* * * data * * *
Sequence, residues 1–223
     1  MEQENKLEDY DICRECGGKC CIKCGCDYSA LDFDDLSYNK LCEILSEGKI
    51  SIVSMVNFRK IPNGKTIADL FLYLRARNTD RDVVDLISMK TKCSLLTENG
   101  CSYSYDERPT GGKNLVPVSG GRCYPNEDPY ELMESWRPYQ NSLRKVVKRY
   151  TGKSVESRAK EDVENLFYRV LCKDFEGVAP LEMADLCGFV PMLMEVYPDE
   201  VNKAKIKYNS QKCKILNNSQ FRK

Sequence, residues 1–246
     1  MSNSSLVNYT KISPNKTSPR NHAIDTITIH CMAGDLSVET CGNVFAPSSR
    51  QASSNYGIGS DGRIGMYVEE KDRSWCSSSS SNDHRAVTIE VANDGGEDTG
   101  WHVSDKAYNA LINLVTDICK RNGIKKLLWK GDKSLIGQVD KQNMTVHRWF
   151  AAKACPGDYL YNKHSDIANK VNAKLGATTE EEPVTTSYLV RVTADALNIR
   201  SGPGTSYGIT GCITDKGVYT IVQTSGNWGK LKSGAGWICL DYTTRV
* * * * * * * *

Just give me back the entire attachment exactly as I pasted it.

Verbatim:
Sequence, residues 1–223
     1  MEQENKLEDY DICRECGGKC CIKCGCDYSA LDFDDLSYNK LCEILSEGKI
    51  SIVSMVNFRK IPNGKTIADL FLYLRARNTD RDVVDLISMK TKCSLLTENG
   101  CSYSYDERPT GGKNLVPVSG GRCYPNEDPY ELMESWRPYQ NSLRKVVKRY
   151  TGKSVESRAK EDVENLFYRV LCKDFEGVAP LEMADLCGFV PMLMEVYPDE
   201  VNKAKIKYNS QKCKILNNSQ FRK

Sequence, residues 1–246
     1  MSNSSLVNYT KISPNKTSPR NHAIDTITIH CMAGDLSVET CGNVFAPSSR
    51  QASSNYGIGS DGRIGMYVEE KDRSWCSSSS SNDHRAVTIE VANDGGEDTG
   101  WHVSDKAYNA LINLVTDICK RNGIKKLLWK GDKSLIGQVD KQNMTVHRWF
   151  AAKACPGDYL YNKHSDIANK VNAKLGATTE EEPVTTSYLV RVTADALNIR
   201  SGPGTSYGIT GCITDKGVYT IVQTSGNWGK LKSGAGWICL DYTTRV